It’s easy to take for granted 24/7 access to technology in this era of smart phones and Pokemon Go.
But for students living in some lower socioeconomic neighborhoods, the internet can be a luxury their parents can’t afford.
This is all changing for five EPISD middle schools selected for the Verizon Innovative Schools grant, a partnership with Digital Promise to provide technology for students in economically disadvantaged schools across the county. Armendariz, Bassett, Charles, Henderson and Morehead middle schools were selected to receive iPads with 4G data plans for all students and staff.
“EPISD was very fortunate in that we were allowed to apply for up to five campuses and each one of the ones that we applied for were accepted in the grant,” said Tim Holt, executive director of Blended Learning.
The five middle schools were the only Texas schools selected among the 25 campuses throughout the nation.
“This is the third year of the grant, and EPISD is the largest single grant recipient of any district in the US,” Holt said. “Our commitment as part of this grant is to take these five schools and start transforming how the teachers and students do lessons.”
The tablets come equipped with a 2-year data plan to ensure students have internet access at home, eliminating a barrier Henderson principal Elizabeth Maldonado has witnessed first hand.
“When I am working late at school, I can see students standing across the street trying to connect to the school’s Wi-Fi so they can do their homework on their phones,” Maldonado said. “This is going to level the playing field for many of our students.”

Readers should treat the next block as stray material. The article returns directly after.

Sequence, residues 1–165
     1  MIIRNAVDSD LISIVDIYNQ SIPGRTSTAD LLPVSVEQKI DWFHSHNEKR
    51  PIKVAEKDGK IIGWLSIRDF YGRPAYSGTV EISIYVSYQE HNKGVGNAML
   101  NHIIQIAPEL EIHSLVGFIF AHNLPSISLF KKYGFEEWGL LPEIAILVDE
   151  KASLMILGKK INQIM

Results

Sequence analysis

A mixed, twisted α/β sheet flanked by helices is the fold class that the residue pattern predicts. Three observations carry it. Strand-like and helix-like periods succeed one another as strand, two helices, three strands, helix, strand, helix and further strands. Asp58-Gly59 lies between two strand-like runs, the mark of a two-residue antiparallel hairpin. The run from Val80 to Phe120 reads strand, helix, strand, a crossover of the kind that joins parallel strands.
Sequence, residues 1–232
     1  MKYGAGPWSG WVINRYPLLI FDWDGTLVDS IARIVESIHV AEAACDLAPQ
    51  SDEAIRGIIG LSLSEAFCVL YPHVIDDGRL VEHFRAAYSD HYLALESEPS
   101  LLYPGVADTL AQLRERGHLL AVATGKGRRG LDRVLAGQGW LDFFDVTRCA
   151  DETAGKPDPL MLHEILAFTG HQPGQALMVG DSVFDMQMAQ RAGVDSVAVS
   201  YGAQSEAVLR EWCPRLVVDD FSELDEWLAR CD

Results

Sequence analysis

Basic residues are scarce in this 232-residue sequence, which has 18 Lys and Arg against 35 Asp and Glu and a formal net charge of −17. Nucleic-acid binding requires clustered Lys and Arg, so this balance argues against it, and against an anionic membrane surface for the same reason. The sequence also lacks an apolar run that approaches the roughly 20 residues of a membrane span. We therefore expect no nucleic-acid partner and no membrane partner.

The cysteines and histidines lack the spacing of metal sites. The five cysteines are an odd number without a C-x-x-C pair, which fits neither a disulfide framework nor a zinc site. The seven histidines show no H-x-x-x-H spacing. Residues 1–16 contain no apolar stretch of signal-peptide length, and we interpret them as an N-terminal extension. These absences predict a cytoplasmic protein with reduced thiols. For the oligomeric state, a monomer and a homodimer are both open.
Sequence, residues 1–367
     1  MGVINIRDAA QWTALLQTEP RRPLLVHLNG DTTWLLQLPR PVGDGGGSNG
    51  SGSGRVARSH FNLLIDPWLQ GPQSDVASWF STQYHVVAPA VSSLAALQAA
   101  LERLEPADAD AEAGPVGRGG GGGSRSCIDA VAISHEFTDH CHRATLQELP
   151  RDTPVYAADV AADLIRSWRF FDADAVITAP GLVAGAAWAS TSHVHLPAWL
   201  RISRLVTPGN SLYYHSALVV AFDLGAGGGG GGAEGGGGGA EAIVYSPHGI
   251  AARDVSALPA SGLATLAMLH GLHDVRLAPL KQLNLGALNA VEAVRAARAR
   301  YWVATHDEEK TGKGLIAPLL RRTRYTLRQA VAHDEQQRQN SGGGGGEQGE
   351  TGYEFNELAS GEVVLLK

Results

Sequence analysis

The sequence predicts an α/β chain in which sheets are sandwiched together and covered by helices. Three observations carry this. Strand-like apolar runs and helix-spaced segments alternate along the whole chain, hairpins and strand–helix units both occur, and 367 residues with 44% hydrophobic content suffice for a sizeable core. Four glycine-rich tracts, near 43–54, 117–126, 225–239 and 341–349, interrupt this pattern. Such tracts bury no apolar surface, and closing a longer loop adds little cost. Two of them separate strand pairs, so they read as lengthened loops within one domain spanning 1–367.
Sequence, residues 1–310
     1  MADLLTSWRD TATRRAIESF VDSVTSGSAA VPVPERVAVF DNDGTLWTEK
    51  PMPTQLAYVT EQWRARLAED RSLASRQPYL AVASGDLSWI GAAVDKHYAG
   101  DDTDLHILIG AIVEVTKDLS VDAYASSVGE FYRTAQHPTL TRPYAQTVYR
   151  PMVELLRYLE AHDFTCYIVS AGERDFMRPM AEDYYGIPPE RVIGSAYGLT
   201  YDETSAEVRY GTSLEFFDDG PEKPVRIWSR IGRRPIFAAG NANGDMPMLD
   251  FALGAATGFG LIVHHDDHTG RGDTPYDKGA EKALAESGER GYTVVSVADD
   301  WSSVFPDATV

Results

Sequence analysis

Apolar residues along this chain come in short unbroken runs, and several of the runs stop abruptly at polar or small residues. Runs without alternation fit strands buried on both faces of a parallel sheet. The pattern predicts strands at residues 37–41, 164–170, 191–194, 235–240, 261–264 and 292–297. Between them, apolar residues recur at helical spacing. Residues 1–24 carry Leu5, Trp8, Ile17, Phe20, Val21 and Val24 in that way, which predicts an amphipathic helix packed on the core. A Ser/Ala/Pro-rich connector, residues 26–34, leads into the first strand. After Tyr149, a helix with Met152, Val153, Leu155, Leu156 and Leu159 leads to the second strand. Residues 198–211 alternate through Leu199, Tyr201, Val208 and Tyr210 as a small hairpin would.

An estimated 3,800 iPads will be distributed to these five schools in the coming weeks.
“We want to be very clear that this is not about iPads,” Holt said. “This is about leveling the playing field for students that probably do not have internet access at home. It is about making learning go beyond the classroom.”
With this goal in mind each school has a designated storyteller responsible for documenting how the iPads impact teaching and learning on their campus.
Henderson storyteller and art teacher Saul Ramirez looks forward to implementing the technology in his class and teaching new strategies to his chess club students.
“I want them to create digital sketchbooks, portfolios and critiques,” Ramirez said. “We can FaceTime with other art teachers, and see whatâ€™s working with them and what’s working with us. This is going to bring equality to our education. Our students are going to have access to technology regardless of socioeconomic status.”
Preparation for the new technology began at trainings last year as teachers learned to think beyond the traditional worksheet assignments and use programs like ST Math and Office 365 to engage students in different ways.
For Morehead teacher Judith Rogers, the tablets will work hand-in-hand with this year’s launch of the International Baccalaureate Middle Years program.
“When you add the technology component for every student, it really helps drive this program,” Rogers said. “They are immediately able to hook in and become global citizens. It all just works together.”